Dennis Smith says rehearsing a farce is a bit like "A Tale of Two Cities" — the best of times and the worst of times. "It's incredibly complicated," he says. "But it's fun. And it's good training for young actors."

Dennis Smith says rehearsing a farce is a bit like "A Tale of Two Cities" — the best of times and the worst of times. "It's incredibly complicated," he says. "But it's fun. And it's good training for young actors."

The farce Southern Oregon University emeritus professor Smith is directing is Alan Ayckbourn's "Taking Steps," which SOU's Theatre Arts program will open Thursday, Nov. 4, in the Center Square Theatre on the SOU campus.

In the play, a haunted house, mistaken identities, bad timing and exaggerated personalities combine with Ayckbourn's fish-eyed look at the British middle class to produce rollicking fun.

Many of Ayckbourn's plays use unconventional or downright quirky staging, and "Taking Steps" is no exception. Doors typically play an important role in farce, but Ayckbourn subverted that tradition by having all the action take place simultaneously on three different floors of an old Victorian house. All three rooms are on a stage with a single level, and the audience can see what's going on in each simultaneously.

The production is set in the late 1970s disco era with a cast of Mallory Wedding as Elizabeth Crabbe, Justin Cowan as Roland Crabbe, Darek Riley as Mark Boxer, Joe Wegner as Tristram Watson, Carlos Lopez as Leslie Bainbridge and Lauryn Hochberg as Kitty.

Designers are Victoria Miller (scenic design), Molly Braithwaite (costumes), Kaylyn Kilkuskie (lighting) and Adam Johnson (sound). Olivia Todd is the stage manager.

Ayckbourn is one of the best-known and most prolific playwrights in the English-speaking world. At Scarborough in England, where his plays have their premieres, they are presented in the round. SOU's production will be in the three-quarters thrust configuration.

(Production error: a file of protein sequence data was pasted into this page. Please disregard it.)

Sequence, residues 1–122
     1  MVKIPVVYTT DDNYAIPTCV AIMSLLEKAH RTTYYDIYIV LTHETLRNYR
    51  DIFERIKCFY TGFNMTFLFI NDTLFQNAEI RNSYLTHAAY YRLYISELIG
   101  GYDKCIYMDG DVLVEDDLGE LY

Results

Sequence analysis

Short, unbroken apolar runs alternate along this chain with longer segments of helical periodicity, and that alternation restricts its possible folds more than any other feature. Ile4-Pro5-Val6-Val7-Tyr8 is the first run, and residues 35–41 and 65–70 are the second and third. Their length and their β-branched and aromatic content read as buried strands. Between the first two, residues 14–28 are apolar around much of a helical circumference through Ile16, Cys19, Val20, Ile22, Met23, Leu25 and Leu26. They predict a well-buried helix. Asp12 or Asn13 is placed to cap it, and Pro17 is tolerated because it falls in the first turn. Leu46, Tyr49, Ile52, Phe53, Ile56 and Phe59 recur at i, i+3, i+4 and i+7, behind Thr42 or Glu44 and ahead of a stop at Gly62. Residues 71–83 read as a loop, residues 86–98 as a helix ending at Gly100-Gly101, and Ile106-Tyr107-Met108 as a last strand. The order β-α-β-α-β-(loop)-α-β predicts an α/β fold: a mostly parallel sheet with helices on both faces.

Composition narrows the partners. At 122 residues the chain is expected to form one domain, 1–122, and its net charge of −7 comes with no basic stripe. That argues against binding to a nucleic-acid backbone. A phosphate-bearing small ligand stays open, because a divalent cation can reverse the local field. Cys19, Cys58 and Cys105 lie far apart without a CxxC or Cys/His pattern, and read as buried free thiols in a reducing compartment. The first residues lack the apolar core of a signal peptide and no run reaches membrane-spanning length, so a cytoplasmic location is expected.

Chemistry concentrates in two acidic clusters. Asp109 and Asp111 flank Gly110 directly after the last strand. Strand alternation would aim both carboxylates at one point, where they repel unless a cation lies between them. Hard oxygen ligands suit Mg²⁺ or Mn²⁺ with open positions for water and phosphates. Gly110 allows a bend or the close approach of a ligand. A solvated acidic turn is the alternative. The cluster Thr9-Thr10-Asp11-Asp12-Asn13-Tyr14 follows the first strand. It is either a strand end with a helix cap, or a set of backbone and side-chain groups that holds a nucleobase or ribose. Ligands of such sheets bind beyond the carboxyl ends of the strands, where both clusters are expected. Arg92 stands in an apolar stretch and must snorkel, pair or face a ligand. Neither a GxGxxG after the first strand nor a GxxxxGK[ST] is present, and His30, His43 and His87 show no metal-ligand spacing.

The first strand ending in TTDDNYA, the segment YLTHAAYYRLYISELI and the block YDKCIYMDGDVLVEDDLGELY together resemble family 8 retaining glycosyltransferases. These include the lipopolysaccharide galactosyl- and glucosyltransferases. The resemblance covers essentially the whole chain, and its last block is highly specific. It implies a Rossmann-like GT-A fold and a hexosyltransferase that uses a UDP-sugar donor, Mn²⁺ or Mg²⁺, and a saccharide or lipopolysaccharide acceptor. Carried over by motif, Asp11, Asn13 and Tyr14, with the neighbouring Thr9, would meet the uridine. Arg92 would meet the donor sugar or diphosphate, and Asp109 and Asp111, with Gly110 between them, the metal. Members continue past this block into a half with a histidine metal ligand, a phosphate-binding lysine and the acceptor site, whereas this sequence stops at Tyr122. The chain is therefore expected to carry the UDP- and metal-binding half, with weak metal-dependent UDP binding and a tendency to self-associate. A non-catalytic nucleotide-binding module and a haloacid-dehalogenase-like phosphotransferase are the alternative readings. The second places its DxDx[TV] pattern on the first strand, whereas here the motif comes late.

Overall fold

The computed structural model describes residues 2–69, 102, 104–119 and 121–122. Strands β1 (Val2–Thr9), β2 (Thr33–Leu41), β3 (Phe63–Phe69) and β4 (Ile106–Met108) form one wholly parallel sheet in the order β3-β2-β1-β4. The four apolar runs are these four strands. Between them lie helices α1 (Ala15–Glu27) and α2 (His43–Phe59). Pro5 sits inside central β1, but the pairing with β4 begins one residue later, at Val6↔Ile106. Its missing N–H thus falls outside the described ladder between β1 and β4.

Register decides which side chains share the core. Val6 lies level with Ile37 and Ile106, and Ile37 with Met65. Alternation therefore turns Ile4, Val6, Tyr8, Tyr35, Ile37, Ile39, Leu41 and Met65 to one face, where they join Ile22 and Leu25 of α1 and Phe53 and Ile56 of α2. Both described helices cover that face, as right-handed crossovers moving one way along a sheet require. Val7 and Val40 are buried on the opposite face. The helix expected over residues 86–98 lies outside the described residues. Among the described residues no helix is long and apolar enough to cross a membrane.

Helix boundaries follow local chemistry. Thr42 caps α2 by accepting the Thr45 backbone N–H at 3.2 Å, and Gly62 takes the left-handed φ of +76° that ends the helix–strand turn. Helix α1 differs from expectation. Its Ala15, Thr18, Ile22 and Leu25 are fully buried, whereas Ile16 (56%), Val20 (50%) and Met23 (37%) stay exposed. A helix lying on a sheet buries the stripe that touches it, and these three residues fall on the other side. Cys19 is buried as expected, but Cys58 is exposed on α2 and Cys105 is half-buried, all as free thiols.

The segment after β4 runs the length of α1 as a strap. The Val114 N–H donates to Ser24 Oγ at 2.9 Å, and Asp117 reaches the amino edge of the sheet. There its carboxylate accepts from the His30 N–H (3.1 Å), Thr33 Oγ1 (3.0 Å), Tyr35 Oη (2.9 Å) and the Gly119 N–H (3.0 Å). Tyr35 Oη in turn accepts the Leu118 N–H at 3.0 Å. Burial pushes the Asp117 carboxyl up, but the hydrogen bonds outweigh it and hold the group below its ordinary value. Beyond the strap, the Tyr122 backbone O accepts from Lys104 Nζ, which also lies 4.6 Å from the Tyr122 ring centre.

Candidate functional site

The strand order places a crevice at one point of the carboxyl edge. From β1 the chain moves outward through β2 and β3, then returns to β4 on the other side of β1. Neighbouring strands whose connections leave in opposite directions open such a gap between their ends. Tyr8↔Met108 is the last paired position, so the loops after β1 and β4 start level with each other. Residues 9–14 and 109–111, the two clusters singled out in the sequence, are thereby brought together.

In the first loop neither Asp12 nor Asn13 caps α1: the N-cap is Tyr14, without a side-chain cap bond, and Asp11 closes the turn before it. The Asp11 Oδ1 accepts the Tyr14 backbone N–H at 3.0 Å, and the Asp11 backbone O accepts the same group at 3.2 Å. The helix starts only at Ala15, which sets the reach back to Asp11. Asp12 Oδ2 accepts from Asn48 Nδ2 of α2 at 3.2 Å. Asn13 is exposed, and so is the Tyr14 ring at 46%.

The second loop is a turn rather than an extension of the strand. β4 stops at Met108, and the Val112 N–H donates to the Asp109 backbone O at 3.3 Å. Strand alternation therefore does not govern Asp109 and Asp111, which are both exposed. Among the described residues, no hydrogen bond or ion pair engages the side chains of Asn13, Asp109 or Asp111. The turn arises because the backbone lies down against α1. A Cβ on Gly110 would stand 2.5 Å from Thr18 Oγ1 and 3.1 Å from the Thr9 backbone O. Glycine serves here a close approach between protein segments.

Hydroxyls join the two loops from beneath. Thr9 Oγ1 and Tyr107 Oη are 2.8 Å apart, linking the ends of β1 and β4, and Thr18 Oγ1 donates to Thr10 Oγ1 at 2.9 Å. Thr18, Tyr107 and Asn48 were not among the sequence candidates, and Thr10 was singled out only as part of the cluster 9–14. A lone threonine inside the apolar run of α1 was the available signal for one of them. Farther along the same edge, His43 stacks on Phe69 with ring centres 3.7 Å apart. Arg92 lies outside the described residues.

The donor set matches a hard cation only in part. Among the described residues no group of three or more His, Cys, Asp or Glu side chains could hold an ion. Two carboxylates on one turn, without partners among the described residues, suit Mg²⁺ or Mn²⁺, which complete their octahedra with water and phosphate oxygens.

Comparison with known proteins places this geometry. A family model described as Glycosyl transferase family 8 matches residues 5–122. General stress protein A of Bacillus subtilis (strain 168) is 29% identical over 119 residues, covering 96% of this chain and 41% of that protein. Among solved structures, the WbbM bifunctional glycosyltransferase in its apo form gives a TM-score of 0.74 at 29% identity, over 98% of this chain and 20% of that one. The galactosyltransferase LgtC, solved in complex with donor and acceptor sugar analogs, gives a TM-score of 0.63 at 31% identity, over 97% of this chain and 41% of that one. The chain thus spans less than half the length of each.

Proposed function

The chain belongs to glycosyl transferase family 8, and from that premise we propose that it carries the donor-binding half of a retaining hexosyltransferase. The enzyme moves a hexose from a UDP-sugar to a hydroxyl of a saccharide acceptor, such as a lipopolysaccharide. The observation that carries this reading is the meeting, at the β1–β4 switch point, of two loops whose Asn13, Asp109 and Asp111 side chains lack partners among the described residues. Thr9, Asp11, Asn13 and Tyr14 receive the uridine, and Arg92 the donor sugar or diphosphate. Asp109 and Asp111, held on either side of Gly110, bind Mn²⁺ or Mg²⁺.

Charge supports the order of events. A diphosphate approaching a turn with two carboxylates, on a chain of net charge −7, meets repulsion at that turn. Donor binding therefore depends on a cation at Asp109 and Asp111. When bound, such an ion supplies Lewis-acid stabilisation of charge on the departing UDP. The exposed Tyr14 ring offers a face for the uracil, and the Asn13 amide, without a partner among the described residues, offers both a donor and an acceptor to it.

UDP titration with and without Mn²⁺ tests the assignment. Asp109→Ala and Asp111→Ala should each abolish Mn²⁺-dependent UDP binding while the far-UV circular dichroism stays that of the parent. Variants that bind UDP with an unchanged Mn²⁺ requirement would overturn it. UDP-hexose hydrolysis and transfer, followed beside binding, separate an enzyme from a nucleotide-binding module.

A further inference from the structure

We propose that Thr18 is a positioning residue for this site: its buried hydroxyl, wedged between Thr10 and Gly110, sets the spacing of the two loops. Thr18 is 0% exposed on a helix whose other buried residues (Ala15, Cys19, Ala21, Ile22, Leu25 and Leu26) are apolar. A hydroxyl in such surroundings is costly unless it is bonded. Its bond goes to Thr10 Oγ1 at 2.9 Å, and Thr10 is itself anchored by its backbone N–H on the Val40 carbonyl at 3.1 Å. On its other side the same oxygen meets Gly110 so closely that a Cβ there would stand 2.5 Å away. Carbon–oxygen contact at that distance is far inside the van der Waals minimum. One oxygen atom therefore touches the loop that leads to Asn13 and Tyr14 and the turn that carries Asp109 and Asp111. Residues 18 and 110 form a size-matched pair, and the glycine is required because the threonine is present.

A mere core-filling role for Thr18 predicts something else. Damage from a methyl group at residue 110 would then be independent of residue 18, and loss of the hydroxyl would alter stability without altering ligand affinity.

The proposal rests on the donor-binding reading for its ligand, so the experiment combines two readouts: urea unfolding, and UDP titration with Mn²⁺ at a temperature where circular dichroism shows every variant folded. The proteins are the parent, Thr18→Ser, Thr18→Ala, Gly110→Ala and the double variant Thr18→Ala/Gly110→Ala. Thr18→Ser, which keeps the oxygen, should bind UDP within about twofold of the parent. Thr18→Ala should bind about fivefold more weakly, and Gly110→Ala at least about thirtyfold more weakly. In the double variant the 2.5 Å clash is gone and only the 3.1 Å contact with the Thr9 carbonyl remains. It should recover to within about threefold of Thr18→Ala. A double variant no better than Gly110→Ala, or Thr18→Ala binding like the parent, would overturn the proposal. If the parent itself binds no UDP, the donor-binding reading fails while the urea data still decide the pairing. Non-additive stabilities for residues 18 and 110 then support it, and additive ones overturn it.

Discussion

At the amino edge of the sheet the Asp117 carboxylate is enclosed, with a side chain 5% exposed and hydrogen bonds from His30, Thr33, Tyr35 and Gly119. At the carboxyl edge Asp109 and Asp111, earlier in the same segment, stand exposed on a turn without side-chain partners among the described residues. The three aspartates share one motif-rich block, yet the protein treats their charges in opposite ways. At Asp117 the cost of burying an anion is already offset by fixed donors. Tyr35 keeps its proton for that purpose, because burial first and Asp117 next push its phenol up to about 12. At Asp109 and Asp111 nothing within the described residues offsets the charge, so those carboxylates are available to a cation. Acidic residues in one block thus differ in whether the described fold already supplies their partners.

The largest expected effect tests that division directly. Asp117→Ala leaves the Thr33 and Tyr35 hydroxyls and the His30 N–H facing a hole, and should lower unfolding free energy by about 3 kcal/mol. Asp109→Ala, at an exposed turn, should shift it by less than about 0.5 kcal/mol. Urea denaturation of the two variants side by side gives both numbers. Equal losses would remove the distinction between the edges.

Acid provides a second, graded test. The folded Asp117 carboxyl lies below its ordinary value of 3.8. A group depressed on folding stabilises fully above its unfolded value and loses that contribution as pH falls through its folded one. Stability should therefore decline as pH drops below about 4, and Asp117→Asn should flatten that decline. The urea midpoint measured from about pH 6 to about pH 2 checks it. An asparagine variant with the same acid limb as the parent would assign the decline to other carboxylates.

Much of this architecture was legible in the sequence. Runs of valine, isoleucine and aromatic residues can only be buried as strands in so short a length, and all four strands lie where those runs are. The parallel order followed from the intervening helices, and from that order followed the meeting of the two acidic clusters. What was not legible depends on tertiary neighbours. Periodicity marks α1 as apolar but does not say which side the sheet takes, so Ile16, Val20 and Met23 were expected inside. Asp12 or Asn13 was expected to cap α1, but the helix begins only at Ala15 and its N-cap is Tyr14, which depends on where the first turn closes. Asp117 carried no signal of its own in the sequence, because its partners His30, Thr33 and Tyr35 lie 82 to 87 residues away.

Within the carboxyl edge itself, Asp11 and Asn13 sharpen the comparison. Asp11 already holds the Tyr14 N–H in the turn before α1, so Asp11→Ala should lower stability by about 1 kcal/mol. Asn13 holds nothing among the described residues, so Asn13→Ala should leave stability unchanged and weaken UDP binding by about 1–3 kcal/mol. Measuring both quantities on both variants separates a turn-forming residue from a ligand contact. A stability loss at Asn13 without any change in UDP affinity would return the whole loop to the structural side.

"I always find theater in the round more problematic," Smith says.

He says farce is like a tapestry in that you can't alter or remove even one thread without ruining the whole.

"The plotting is so often a very delicate business," he says, "and far beyond 'it's all in the timing.'

"Actors learn the importance of discipline and trusting the material when they work on a farce. The characters need to be spontaneous, but actors also need to bring reality to them."

This is Smith's 26th season directing for SOU. He has directed 28 productions in that time, most recently "Wild Oats," by John O'Keeffe, his adaptation of "An Enemy of the People," by Henrik Ibsen and "Arcadia," by Tom Stoppard. He also has directed productions for the Rogue Opera, Britt Festivals, Oregon Cabaret Theatre and Lyric Theatre.

"You have to keep more balls in the air in farce," he says. "It's also fun. You have the element of surprise in rehearsals. When something happens, little bits of timing, even a happy accident, the main thing is to keep yourself open."

He says the play puts plausible characters in implausible situations.

"It really is a tightrope between the contrivance of the characters and grounding a character we recognize," he says. "We don't want to enter cartoon land, although we flirt with it."

Tickets cost $21, $18 for seniors and $6 for students. Subscribers to three or more plays in SOU's six-play season receive a discounted price of $17 per play for regular subscribers and $15 per play for seniors. Call 541-552-6348 or visit www.sou.edu/theater for information.